Palestinian youth hold portraits of late Palestinian leader Yasser Arafat during a march in the West Bank town of Hebron on November 11, 2013 to mark the ninth anniversary of Arafat's death
Palestinian youth hold portraits of late Palestinian leader Yasser Arafat during a march in the West Bank town of Hebron on November 11, 2013 to mark the ninth anniversary of Arafat's death. © Hazem Bader - AFP/File
Palestinian youth hold portraits of late Palestinian leader Yasser Arafat during a march in the West Bank town of Hebron on November 11, 2013 to mark the ninth anniversary of Arafat's death
AFP
Last updated: December 24, 2013

Most Palestinians believe Israel poisoned Arafat

A majority of Palestinians believe Israel poisoned their late leader Yasser Arafat, according to poll published Tuesday, which also highlights a decline in Hamas popularity compared to rival Fatah.

The poll, released by Ramallah-based Palestinian Center for Policy and Survey Research, showed 59 percent of respondents believe Israel fatally poisoned Arafat, while 21 percent "believe that a Palestinian party or group or a joint Palestinian-Israeli party or group is responsible."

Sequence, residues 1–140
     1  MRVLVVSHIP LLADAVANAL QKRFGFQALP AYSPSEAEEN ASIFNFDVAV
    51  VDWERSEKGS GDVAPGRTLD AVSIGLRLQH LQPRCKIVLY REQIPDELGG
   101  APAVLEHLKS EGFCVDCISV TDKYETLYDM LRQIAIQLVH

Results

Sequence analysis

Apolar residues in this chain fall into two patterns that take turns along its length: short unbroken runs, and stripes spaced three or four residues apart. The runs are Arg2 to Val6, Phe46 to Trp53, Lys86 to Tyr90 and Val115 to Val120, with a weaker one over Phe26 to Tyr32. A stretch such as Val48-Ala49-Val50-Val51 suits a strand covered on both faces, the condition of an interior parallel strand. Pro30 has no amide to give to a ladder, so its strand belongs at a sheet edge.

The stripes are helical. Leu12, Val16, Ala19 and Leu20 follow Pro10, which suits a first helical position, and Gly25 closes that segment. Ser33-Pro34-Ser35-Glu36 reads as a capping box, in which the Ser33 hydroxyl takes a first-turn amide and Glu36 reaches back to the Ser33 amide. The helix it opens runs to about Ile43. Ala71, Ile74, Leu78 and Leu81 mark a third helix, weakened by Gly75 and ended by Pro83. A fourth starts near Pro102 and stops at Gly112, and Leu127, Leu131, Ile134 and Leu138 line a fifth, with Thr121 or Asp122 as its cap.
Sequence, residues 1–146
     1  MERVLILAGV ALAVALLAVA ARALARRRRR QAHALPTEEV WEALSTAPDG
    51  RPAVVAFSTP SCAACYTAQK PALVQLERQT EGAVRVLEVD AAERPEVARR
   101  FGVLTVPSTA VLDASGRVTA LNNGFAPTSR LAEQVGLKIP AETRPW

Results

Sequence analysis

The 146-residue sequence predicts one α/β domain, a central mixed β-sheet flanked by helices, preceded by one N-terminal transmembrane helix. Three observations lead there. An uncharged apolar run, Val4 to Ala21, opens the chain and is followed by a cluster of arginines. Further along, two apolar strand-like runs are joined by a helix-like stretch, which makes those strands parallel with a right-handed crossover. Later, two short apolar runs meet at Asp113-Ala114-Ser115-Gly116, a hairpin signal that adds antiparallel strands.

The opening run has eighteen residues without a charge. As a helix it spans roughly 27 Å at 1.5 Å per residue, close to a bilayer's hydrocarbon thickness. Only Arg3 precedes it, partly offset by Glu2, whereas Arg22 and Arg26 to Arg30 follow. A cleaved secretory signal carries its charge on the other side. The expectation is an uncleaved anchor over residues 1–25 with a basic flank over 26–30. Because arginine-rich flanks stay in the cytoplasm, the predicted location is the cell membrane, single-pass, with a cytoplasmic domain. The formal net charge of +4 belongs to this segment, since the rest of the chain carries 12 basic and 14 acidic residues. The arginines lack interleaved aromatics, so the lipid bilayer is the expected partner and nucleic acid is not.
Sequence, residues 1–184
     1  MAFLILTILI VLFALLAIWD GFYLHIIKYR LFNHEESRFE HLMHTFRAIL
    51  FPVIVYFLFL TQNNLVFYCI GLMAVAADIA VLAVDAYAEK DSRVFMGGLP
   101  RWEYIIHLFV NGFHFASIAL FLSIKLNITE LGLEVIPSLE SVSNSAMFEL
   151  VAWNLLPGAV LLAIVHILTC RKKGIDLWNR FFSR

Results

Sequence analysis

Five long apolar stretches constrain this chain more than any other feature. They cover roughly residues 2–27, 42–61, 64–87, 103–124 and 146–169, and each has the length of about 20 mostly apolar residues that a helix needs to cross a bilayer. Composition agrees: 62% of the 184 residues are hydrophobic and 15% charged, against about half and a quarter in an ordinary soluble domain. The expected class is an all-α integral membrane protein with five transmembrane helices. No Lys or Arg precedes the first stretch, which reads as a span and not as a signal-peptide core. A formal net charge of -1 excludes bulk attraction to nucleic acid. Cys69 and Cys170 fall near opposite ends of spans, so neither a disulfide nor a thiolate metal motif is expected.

Recent analyses found high levels of lethal polonium in Arafat's remains and personal effects, with Swiss researchers saying the data lean towards the possibility of poisoning but French scientists ruling that possibility out.

The cause of Arafat's 2004 death in a French military hospital have yet to be finally clarified, with many Palestinians blaming Israel for it, a charge the Jewish state has consistently denied.

The poll also showed a decline in support of Hamas, the Islamist movement that rules the Gaza Strip. It attributed this to "the continued political conflict between Egypt and the Hamas government and the continued closure of tunnels and the Rafah crossing."

Were elections held today, Hamas would win 29 percent of the vote, down by two percentage points from a September poll. The Fatah movement of Palestinian president Mahmud Abbas, which rules the West Bank, would gain two percentage points to reach 40 percent support.

The poll was conducted by face-to-face interviews with 1,270 adults between December 19-22 in the Gaza Strip and the West Bank, with a margin of error estimated at three percentage points.

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